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July 2010

June 2010

Walk on, walk on with hope in your heart

In my quest to find my inner athlete (see last week's post), I've been searching out 5Ks in the area. This time of year is stinkin' miserable, heat-wise, so I'll be doing more of them in the fall and winter months but I found an evening 5K next weekend so I signed up the whole family for that one.

Workout_every_day I'm making exercise more of a priority because as the weight-loss psychologist at the Cleveland Clinic said to me, exercise is helpful for weight loss but is crucial to maintenance. She said that I should plan on doing some sort of hourlong workout every day, because even if I skip a day or two I'll have worked out five days a week.

My old plan wasn't working:  Workout Monday through Friday with weekends off. But if I missed a couple days (or more) I was barely working out at all.

This morning, since I'm now officially training for next weekend's 5K, I pounded out an hour on the treadmill at the gym, with Wimbledon and the World Cup on all the TVs. I felt very "jock-y."

A new tool in training, provided to me by Omron, is my pedometer. I'll be trying it out for the next eight weeks, coinciding with the eight-week Cleveland Clinic Non-Surgical Weight Loss Program, which officially begins Monday morning. (Check out my review at Shrinking Sisters Reviews.)

Last Wednesday I met with the dietitian and the psychologist one on one. This week the regular group sessions begin and I get my food plan.

And by the way, July 4th is the deadline to leave a comment on the Gold Medal Fitness post to receive one of two copies of the book Gold Medal Fitness by Olympic swimmer Dara Torres.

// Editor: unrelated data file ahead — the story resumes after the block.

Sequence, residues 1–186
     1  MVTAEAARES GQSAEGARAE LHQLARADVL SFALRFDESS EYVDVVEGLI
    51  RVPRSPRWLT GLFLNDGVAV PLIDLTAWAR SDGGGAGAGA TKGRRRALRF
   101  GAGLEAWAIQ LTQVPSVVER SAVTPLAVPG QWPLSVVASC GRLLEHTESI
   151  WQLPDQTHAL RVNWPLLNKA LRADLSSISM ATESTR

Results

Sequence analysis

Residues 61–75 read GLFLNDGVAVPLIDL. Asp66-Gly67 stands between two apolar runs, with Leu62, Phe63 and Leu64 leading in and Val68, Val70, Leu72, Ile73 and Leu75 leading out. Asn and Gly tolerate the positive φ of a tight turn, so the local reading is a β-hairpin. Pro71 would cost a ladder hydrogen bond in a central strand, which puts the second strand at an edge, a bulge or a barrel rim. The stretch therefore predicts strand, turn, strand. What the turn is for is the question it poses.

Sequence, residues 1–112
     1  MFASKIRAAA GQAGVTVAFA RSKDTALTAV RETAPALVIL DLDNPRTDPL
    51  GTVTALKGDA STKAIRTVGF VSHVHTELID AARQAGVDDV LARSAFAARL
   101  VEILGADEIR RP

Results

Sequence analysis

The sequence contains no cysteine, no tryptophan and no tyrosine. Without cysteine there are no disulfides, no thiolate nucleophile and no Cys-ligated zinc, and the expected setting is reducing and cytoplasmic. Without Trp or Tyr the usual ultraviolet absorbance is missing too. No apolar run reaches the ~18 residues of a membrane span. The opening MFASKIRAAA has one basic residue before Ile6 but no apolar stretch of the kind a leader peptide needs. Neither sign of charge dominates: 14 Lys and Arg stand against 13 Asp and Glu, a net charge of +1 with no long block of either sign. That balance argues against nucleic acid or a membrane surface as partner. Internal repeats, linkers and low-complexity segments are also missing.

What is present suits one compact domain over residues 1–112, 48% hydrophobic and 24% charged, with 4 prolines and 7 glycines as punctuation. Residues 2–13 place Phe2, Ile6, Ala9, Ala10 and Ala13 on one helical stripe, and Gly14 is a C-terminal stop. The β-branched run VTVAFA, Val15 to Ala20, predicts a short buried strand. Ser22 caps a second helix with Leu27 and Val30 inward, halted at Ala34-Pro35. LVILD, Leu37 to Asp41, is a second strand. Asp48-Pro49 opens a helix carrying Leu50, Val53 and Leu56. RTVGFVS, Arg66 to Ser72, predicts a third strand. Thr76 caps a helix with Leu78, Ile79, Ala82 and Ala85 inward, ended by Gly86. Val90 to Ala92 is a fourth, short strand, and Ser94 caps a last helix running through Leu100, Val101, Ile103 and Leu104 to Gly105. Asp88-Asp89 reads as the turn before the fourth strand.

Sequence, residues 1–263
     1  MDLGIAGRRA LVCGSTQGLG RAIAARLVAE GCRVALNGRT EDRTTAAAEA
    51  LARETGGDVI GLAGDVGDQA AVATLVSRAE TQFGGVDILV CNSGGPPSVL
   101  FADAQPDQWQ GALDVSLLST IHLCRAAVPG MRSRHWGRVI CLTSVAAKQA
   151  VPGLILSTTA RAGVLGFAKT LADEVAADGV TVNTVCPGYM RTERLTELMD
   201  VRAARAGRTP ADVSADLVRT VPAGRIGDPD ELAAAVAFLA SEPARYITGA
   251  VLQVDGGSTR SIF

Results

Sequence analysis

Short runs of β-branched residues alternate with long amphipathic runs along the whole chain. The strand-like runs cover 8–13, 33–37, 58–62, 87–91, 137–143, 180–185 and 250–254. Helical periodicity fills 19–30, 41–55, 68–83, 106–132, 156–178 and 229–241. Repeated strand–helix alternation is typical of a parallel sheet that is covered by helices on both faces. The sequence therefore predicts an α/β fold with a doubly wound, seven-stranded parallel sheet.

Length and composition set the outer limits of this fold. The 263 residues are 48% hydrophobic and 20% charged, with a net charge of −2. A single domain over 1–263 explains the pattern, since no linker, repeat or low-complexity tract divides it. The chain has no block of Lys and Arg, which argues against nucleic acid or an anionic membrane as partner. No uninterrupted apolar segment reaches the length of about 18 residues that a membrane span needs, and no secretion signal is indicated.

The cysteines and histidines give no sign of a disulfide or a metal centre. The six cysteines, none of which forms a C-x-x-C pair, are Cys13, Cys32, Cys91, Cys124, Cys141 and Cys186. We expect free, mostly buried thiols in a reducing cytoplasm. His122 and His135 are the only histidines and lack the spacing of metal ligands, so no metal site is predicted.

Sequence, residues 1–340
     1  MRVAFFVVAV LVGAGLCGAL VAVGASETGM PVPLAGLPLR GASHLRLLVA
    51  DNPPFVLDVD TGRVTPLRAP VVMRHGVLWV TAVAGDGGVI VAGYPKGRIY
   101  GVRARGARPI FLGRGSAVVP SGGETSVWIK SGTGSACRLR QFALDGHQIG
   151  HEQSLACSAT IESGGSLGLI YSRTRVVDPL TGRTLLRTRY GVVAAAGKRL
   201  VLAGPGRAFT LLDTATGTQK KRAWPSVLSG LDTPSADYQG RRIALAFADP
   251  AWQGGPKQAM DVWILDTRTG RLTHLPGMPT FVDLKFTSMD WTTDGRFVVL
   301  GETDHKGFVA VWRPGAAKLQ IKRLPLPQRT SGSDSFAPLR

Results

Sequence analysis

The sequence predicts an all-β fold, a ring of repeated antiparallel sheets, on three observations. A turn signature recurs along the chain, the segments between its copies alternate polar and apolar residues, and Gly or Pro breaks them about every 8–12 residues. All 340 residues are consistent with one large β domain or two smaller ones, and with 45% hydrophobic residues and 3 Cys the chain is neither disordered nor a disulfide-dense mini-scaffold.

And you can still leave a comment on the Don't Worry Be Happy post to receive either Denise's Daily Dozen or The O2 Diet book. Brenda Kaye gets the book Finally Thin.

Finding my inner athlete (she's in here somewhere)

I've been reading Dara Torres' latest book Gold Medal Fitness: A Revolutionary 5-Week Program, which outlines a 5-week program to get in better shape.

OK, perhaps not Olympian shape but there are some great workouts, menus and strategies. The chapter that interested me most was Your Inner Athlete.

Shrinking Sisters is one of the stops on her blog tour to promote the book, and I was sent a copy of the book to check out (and I have two for you all as well).

I've always wanted to be somewhat of a jock. In high school I did join the swim team but I was woefully behind the rest of the team in skill. I aced the workout stuff but when we hit the pool I looked like a fool, so I removed myself from the team.

In college I was really into weight training, even taking a college class that met in the Florida Gator training room. We had a leg-press contest and I won. In my foggy memory I remember it being 300 pounds but I could be wrong. Hey, I definitely have the quads to do it.

I revisited my -- cough, cough -- athletic tendencies a couple weeks ago when I completed the Weight Watchers Walk It Day 5K. I finished in less than an hour, which felt great. And boy, was I competitive. Every time I'd see a walker larger than me, my goal was to outpace them. In my brain, that was showing the other walkers that "Hey, that fat chick can hustle!"